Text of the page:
Summer break or summer school?


    By Eric Jorgensen

    Warm weather means fun in the sun and kicking back at the pool, yet with all that summer has to offer, more than 11,000 students choose to add classes, homework and tests to their weekly routine.

    Landon Mortensen, a senior from Roy, majoring in mathematics did not attend Spring or Summer semesters last year.

    “I just wanted a break from school, a mini-vacation,” he said.

    He chose to attend Spring term this year so he can start working and getting paid.

    Mark Simpson, Assistant Registrar at BYU feels the main reason students choose to stay is because they want to graduate early.

    “They also enjoy the shorter terms,” Simpson said. “Or the students will use the summer months to do an internship and study abroads and they want to get credit.”

    Julia Balls, from Pocatello, Idaho majoring in biology attended last Spring also and really liked it.

    “The classes are smaller, which is nice,” she said. “With so much to offer, like smaller classes, the opportunity to graduate earlier, and a great social life, most students still choose not to attend.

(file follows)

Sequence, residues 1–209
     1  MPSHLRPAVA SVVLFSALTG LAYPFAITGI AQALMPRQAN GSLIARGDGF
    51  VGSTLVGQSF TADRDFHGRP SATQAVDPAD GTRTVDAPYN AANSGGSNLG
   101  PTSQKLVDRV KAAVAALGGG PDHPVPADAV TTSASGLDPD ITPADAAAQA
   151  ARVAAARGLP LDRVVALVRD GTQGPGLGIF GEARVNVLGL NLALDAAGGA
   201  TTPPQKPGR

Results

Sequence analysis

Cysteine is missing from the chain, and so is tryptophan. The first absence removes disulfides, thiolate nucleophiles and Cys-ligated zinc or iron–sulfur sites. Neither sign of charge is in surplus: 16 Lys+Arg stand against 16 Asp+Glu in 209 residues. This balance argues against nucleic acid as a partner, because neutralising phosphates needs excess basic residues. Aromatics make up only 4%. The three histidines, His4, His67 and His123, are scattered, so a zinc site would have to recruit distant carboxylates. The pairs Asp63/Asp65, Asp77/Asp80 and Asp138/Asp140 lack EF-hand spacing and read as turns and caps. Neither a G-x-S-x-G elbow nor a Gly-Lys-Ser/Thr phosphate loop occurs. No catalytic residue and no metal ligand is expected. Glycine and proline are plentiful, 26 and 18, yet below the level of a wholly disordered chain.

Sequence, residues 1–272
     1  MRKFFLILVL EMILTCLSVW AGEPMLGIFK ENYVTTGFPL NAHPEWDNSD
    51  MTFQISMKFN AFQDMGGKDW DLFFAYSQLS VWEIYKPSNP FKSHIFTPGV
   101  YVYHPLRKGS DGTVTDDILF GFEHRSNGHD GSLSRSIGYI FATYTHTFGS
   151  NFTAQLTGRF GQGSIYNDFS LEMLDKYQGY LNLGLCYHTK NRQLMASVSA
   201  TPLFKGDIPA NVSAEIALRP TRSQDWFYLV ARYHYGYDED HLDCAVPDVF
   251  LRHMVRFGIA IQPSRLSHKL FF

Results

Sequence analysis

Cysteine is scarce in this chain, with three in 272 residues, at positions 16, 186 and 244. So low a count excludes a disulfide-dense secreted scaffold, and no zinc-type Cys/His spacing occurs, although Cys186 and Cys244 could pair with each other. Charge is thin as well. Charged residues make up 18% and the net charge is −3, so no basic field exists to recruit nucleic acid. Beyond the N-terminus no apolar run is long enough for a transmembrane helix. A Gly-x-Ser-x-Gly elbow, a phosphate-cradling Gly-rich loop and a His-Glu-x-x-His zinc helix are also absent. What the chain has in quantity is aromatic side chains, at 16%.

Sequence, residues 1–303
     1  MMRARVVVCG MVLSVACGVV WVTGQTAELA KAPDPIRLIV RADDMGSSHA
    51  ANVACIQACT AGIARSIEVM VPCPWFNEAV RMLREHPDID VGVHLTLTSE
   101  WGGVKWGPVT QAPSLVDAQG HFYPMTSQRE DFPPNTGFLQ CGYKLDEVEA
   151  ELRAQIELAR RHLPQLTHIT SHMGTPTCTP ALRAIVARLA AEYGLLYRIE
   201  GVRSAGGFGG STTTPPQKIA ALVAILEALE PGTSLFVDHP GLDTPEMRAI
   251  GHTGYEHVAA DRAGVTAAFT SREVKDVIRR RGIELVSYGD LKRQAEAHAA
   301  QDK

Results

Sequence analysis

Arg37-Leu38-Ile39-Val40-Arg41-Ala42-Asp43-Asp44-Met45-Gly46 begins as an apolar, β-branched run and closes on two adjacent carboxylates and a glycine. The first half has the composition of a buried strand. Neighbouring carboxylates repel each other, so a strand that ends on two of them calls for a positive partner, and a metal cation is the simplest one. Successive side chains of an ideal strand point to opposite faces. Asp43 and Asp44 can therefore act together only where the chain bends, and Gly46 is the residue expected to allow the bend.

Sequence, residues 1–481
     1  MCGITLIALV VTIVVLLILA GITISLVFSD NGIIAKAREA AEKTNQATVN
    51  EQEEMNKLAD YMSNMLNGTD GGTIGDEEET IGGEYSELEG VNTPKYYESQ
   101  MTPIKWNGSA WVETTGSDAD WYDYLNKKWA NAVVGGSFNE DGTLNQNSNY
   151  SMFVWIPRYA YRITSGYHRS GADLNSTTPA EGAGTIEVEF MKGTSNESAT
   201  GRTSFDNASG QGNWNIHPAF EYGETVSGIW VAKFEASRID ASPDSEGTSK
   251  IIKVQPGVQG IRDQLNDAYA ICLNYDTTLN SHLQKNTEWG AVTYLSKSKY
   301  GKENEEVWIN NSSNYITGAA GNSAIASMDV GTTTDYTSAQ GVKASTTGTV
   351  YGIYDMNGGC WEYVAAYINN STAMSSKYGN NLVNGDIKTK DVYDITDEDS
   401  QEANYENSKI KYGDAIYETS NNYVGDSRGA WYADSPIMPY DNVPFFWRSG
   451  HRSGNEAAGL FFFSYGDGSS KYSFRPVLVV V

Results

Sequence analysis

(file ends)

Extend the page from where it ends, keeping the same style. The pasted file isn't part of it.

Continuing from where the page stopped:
“This is mainly due to money,” Simpson says. “Students need to work over the summer in order to pay for Fall and Winter semesters, including tuition, rent, and dates.”

    Another reason students choose not to stay is because they just need a break, Simpson said. This is fine with BYU because of the high demand the university has across the world for LDS and non-LDS students.

    “At BYU we have two types of students that attend Spring/Summer, the traditional students, and the visiting students who attend Spring/Summer to prepare for their missionary service, or take classes that they are able to transfer to the schools they are attending,” Simpson said.

    Whether students are just here for a few months, or jumpstarting their paths to graduation, everyone still finds plenty of time to work out, see friends, loaf and sit in the sun, Mortensen said.

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